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Look For the Silver Lining

May 4, 2011 • Businesses, Demand, Supply, and Markets, Households, Thinking Economically • 234 Views    No Comments

You might want to decide whether to set the table with Granny’s silver, sell it, or melt it. To see why, you just need to look at a graph of the price of silver. Representing a 162% increase between January and now, the line is almost vertical.

When silver was $49.845 an ounce on April 25, people recalled its 1980 high of just over $50.00. (Within 4 months, the price dropped 78%.) If we adjust for inflation, silver would need to be $135.00 an ounce today to equal its 1980 high.

Still though, silver’s current price is making a difference. Silver jewelry has gained  “cachet.” But, on the other hand, jewelers are looking for cheaper metals. Similarly, if the price goes high enough, industrial users will look for substitutes. And predictably, with price soaring, silver is attracting new investors.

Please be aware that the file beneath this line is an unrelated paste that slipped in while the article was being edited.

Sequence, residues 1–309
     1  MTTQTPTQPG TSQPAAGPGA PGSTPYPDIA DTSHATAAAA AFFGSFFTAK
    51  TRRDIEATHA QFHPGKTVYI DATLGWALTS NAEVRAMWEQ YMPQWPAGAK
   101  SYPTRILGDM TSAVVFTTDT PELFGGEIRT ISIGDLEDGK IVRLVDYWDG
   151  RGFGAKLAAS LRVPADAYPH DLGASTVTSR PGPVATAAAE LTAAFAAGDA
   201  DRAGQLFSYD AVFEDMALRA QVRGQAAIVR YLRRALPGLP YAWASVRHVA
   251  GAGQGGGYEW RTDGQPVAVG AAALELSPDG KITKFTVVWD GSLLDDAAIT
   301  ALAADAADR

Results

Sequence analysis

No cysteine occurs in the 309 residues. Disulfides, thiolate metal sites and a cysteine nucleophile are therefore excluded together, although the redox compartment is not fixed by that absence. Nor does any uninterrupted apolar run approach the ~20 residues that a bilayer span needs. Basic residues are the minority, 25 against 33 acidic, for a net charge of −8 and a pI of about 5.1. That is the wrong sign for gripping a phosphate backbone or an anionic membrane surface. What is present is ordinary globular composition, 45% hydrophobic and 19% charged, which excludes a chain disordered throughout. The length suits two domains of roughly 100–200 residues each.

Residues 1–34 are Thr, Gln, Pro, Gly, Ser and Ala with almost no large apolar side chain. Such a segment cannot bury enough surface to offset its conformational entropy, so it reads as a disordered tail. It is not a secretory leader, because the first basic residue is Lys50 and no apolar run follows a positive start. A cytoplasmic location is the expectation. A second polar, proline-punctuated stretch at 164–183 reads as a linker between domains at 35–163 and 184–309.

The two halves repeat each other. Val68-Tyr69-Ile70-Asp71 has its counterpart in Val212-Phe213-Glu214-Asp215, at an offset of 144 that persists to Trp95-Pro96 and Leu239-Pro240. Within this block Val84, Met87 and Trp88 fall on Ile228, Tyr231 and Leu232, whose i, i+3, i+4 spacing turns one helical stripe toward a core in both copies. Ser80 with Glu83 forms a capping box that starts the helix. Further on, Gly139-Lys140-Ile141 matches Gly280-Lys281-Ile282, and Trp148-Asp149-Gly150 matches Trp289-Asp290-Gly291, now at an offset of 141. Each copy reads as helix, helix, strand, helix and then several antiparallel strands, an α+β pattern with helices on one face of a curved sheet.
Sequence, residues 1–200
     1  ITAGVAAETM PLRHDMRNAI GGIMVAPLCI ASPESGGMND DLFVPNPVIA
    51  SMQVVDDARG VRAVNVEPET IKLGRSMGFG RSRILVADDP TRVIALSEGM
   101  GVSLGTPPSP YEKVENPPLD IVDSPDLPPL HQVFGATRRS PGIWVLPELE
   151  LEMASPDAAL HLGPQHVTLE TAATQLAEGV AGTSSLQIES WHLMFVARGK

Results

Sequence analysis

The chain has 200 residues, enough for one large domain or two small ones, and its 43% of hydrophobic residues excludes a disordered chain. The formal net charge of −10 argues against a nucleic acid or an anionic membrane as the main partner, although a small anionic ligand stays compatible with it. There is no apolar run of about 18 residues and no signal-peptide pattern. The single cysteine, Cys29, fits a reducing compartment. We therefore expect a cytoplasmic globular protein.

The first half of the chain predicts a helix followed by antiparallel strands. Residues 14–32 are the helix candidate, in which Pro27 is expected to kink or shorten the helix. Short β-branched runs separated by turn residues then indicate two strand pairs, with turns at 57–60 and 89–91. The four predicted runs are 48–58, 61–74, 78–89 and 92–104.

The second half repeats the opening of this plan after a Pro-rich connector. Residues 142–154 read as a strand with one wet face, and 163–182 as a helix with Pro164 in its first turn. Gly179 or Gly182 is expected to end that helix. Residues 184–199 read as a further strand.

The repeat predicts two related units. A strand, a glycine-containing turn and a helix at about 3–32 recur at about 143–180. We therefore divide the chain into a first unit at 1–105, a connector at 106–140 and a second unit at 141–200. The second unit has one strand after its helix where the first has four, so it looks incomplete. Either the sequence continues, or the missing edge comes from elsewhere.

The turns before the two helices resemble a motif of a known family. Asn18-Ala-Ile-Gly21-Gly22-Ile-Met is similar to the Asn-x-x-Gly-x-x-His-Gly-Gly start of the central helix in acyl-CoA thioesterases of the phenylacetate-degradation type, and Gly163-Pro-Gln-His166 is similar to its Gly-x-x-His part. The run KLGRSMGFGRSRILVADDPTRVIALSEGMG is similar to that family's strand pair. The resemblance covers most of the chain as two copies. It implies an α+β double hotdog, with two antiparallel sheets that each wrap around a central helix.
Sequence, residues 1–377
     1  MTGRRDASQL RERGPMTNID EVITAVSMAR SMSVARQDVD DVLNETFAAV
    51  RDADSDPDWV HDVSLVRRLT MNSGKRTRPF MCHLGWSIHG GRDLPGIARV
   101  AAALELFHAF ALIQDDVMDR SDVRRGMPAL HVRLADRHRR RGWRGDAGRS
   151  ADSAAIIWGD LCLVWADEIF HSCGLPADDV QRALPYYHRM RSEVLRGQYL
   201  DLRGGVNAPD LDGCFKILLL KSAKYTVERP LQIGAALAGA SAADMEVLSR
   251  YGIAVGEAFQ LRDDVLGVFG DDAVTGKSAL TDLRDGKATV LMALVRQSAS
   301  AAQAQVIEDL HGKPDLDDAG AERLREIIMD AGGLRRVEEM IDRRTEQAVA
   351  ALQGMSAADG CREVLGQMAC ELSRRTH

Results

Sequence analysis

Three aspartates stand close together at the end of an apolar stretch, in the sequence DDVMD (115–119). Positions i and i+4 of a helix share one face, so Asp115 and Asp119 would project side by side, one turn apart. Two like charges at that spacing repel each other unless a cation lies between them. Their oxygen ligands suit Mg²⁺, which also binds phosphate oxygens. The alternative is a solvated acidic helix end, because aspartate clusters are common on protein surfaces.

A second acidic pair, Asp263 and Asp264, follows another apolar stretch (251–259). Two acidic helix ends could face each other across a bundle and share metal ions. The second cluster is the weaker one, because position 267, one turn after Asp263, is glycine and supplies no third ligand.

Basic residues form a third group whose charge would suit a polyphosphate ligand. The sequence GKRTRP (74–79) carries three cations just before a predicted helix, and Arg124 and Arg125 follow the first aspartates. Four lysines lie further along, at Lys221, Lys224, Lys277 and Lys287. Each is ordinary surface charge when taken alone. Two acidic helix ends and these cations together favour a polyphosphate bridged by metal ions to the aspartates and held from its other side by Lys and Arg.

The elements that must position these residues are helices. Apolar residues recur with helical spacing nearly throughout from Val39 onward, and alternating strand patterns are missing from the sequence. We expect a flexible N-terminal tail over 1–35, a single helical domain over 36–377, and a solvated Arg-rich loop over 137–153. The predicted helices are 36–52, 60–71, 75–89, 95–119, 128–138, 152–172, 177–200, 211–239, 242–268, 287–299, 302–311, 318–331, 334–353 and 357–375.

The Economic Lesson

According to this silver value chart for coins, a Washington Quarter minted from 1932-1962 contains $7.53 of silver (May 3 prices). This takes us to one basic rule. The value of the metal in a coin should not exceed the value of the coin. For that reason, coin can be called nominal money. It has little intrinsic value.

An Economic Question: If the value of U.S. coins and paper currency are worth no more than whatever they are made of, then why does money have value?

You can look here for an answer.

 

 

 

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